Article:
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  Beast Beast Collision Course
Year: 2020
Director: Danny Madden
Stars: Shirley Chen, Will Madden, Jose Angeles, Courtney Dietz, Daniel Rashid, Anissa Matlock, Stephen Ruffin, Chip Carriere, Kron Moore, Susan Gallagher, Charles Green, Cynthia Barrett, Crystal R. Davis, Eli Raskin, Matt Skollar, Jaclyn Wiederman
Genre: DramaBuy from Amazon
Rating:  6 (from 1 vote)
Review: Krista (Shirley Chen) is a high school student who most enjoys her theatre class, throwing herself into the plays and exercises they provide and spending her time away thinking over and rehearsing what she can do next. Meanwhile, Nito (Jose Angeles) is a new kid in town, who has come from a bad background but is not a bad guy: he has a passion too, which is skateboarding and parkour, both of which he is adept at and uploads online videos about to show off his prowess, though he is a lot quieter away from the camera. Lastly, someone else who would like to be an internet star is Adam (Will Madden), and his way in is to demonstrate guns and gun safety from his extensive collection of firearms, though getting those hits proves difficult...

Beast Beast was yet another state of the nation indie drama, this time expanded from a short called Krista by writer and director Danny Madden, who returned here with Chen and his brother Will. It was one of those films where you knew there was something bad about to happen, but were not sure when it would occur, though you could guess it would break loose in the latter stages, and you would not be wrong about that. Before the big event, we were invited to hang out with these three teens and observe their lives, basically judge them as to their morality and worthiness to be part of society, with no real surprises which one was going to be the main troublemaker (clue: it was the one whose access to weaponry channels into his, er, channel).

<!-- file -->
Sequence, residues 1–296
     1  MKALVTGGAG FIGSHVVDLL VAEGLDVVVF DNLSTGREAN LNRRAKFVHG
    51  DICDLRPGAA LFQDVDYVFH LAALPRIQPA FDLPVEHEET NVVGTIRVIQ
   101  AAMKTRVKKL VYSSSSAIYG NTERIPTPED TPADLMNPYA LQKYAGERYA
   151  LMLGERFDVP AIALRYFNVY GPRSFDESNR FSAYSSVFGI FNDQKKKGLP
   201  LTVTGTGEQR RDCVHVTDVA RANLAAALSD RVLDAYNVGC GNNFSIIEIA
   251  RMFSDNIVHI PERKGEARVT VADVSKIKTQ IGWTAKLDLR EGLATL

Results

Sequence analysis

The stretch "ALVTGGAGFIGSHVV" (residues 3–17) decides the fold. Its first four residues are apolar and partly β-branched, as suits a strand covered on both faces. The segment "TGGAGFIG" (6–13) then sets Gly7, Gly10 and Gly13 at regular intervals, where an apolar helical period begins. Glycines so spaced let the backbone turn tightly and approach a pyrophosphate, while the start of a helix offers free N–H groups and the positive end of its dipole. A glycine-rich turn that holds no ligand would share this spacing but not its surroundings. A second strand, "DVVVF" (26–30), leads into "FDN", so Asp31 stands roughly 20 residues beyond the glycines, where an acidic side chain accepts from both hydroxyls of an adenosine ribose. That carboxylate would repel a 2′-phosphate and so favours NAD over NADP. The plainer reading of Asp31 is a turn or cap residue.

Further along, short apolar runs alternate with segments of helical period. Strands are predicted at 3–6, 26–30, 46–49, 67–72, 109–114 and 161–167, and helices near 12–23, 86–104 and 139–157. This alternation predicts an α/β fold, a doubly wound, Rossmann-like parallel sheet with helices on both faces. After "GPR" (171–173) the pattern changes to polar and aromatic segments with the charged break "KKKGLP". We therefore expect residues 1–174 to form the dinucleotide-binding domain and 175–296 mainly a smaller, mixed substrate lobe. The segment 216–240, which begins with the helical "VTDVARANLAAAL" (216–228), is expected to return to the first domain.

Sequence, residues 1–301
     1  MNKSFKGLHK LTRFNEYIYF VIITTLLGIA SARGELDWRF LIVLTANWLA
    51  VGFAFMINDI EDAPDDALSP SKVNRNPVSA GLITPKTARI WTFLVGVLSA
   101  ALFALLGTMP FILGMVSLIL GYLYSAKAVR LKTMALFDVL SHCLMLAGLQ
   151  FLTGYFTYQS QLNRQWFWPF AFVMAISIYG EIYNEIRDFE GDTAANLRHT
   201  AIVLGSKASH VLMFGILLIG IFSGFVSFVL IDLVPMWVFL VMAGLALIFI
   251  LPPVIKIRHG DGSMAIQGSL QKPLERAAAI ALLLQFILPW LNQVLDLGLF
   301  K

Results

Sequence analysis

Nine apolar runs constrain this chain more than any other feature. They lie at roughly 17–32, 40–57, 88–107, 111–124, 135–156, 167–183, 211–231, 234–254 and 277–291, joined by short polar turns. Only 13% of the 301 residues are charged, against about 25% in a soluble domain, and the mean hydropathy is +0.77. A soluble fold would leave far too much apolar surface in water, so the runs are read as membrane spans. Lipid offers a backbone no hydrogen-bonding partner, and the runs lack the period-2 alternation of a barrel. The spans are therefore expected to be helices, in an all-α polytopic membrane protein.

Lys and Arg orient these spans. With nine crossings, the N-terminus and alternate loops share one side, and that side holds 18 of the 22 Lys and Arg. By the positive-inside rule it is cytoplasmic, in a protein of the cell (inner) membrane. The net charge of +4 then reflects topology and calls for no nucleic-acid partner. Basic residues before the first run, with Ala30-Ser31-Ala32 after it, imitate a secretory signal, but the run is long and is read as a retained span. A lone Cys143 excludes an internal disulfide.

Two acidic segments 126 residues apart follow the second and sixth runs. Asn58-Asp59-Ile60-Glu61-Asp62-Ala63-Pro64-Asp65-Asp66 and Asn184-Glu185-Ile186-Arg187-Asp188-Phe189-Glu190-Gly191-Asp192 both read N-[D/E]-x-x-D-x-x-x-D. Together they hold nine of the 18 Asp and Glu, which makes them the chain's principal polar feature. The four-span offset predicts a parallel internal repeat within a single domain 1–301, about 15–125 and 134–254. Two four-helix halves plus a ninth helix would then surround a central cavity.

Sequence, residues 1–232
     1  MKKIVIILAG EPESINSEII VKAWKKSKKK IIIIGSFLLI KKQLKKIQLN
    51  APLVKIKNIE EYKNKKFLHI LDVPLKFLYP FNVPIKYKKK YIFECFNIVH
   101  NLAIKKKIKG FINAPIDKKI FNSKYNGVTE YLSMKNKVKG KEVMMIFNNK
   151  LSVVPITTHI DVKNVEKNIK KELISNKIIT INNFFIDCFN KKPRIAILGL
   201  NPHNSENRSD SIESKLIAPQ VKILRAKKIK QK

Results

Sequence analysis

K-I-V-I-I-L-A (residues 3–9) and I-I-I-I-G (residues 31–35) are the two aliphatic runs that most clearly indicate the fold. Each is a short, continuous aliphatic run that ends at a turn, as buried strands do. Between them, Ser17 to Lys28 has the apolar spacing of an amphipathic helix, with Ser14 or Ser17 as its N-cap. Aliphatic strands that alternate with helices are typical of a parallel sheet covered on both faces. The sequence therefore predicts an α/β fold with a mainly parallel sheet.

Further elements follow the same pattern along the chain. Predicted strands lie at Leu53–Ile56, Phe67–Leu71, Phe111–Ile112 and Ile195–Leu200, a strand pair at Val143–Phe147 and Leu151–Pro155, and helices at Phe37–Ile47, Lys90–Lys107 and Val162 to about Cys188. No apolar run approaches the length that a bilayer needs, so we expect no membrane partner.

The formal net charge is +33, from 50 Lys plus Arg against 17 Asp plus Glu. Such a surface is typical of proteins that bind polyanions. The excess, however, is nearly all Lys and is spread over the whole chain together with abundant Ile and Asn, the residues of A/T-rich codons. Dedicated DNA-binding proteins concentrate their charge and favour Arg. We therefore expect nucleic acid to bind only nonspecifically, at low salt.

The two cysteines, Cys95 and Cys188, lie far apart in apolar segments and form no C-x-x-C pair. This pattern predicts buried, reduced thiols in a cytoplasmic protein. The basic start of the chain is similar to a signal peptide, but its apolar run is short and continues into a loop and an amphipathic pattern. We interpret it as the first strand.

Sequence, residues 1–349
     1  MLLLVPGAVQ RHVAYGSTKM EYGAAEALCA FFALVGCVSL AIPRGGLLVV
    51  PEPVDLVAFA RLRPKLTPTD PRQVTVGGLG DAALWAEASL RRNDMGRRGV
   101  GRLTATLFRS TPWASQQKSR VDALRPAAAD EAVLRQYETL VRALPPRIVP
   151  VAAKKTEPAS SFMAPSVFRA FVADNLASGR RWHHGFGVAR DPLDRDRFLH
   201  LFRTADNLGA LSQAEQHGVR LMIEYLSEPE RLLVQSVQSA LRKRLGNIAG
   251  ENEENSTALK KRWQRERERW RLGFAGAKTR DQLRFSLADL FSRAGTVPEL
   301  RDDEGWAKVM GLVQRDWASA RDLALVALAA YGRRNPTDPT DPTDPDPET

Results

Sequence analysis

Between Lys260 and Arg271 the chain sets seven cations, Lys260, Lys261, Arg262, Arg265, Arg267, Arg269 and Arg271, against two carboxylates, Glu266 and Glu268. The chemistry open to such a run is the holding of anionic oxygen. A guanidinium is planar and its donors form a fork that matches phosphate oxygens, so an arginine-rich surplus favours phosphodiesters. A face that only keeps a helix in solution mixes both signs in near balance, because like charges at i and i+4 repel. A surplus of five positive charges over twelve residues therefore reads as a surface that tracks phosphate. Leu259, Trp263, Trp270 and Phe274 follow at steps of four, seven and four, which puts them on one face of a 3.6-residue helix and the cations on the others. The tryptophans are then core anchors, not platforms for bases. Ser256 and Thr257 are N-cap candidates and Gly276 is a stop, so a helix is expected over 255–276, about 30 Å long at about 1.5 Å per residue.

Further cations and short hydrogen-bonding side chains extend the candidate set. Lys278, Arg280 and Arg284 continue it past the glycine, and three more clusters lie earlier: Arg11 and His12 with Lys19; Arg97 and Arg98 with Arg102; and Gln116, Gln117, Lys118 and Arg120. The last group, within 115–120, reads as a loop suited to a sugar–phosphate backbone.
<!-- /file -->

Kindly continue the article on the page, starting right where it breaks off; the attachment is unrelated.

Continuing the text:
If anything, this was reminiscent of those nineteen-nineties teen dramas from Larry Clark which purposefully courted controversy in what it claimed were realistic depictions of the way kids behaved right now, which was intended to shock, though who did not go through their teenage years without being shocked more than once, anyway? In this case we were offered a hot button subject to crystallise the lives of the central trio around, but all indications were that Madden did not need this melodramatic finale (two of them, in fact), when the meandering approach to the larger part of the film was stronger than the manner in which he imposed tragedy upon them. Certainly, there were young lives in America, anywhere in the world, to be honest, that would be blighted with violence, but this story risked being hackneyed when it contained no surprises other than how said violence would go down.

Taking on this subject was trickier than it appeared, as not only had it been done to death by this time, from Over the Edge in the seventies to Elephant in the noughties, and many more, but lending your observations on how easily a situation can escalate into bloodshed, seemingly out of nowhere, was not as original as you would like to think when the same issues came up again and again: bullying, peer pressure, too easy access to weapons, inability to cope with strong emotions like anger or embarrassment, and so forth. The main difference in the twenty-twenties was the online world which amplified all these downfalls, but even that had been doing its damage for decades by the point Beast Beast was released. Plus, the resolution strained the believability. Therefore, you had to look to the fair performances from the cast to have a motive to seek this out, suggesting they would be worth seeing in something else - surely Angeles needed an action flick to shine - and if they had gone onto bigger things, director included, you would be able to say you saw them here first - it did have promise and vitality, even when the subject was, basically, death.

[Blue Finch Film Releasing presents Beast Beast on Digital Download 30 April 2021.]
Reviewer: Graeme Clark

 

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